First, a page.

Dr Kézsmárki received his Master’s degree in physics in 1999, obtained his PhD in 2003, and his habilitation in 2015. In 2003 and 2004, he was a postdoctoral fellow at the University of Tokyo. Between 2005 and 2008, he was an assistant professor at the Budapest University of Technology and Economics, and a scientific co-worker in the Electron Transport Research Group of the Hungarian Academy of Sciences. From 2008 to 2013, he worked as a senior researcher in the Condensed Matter Research Group of the Hungarian Academy of Sciences. He has been an associate professor at the Budapest University of Technology and Economics since 2014.
As an independent scientist, he has conducted original research in the various fields of condensed matter physics and optics including collective excitations in itinerant and insulating magnets, optical properties of multiferroic materials, and the magneto-optical diagnosis of malaria. He has achieved important results in these topics. He has also discovered a new type of skyrmion lattice – a periodic array of spin vortices –, the so-called Néel-type skyrmion lattice, in polar magnetic semiconductors.
In 2014, he founded the Magneto-Optical Spectroscopy Group at the Budapest University of Technology and Economics with the support of the Lendület Program of the Hungarian Academy of Sciences. The group, led by Dr Kézsmárki, joined the research agenda of enhancing the efficiency of diagnosing malaria in resource-limited areas.
Ágnes Orbán and Ádám Butykai (PhD students representing the group at the Gran Gala) played key roles in the development and validation of a magneto-optical device for the diagnosis of malaria. Dr András Halbritter, Tamás Prok (bachelor student in the group), and Ágnes Orbán played an important role in the development of another diagnostic technique based on quartz crystal microbalance sensors. Petra Molnár, Zsófia Pröhle (bachelor students in the group), and András Molnár (mechanical engineer) also contributed to the development and testing of the magneto-optical diagnostic tool. Dr Hansheid was an international collaborator in the project from the Institute of Molecular Medicine, Lisbon, Portugal.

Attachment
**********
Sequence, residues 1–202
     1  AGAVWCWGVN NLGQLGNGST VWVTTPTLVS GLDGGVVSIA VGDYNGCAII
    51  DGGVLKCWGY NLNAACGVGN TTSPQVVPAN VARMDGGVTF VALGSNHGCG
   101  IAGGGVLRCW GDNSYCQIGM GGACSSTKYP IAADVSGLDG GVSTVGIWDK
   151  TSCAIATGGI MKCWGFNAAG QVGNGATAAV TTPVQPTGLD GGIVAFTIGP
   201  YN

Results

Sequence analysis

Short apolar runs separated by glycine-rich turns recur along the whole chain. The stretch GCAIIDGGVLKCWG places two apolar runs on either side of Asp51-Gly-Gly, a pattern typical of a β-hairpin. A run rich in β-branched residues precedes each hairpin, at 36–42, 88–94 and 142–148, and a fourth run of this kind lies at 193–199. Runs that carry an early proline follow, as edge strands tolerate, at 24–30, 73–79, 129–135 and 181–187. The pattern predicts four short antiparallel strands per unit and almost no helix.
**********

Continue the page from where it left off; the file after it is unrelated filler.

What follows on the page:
The diagnostic device is based on a simple off-the-shelf laser diode and permanent magnets. The first prototype of the instrument was constructed and tested by doctoral students Ádám Butykai and Ágnes Orbán. All validation steps, performed on laboratory parasite cultures, on infected mice and on human patients in Thailand and Papua New-Guinea, underlined the extreme sensitivity of the device, qualifying it as a potential candidate for in-field diagnostic use.
Furthermore, the instrument has also proved to be efficient in monitoring the inhibitory effects of antimalarial drugs. With the increasing resistance of parasites to first-line treatments, the investigation of novel drug candidate molecules is of crucial importance. The device offers an inexpensive, yet highly sensitive method that can be applied in drug development. Along this line, in collaboration with Dr Beáta Vértessy, Dr Kézsmárki has established the joint malaria research laboratory of the Budapest University of Technology and the Hungarian Academy of Sciences, a research infrastructure unique in Central Europe.
The efforts of Dr István Kézsmárki’s research team, stressing the need to integrate various scientific institutes into the tremendous research work to fight malaria, show a great concern for the whole world.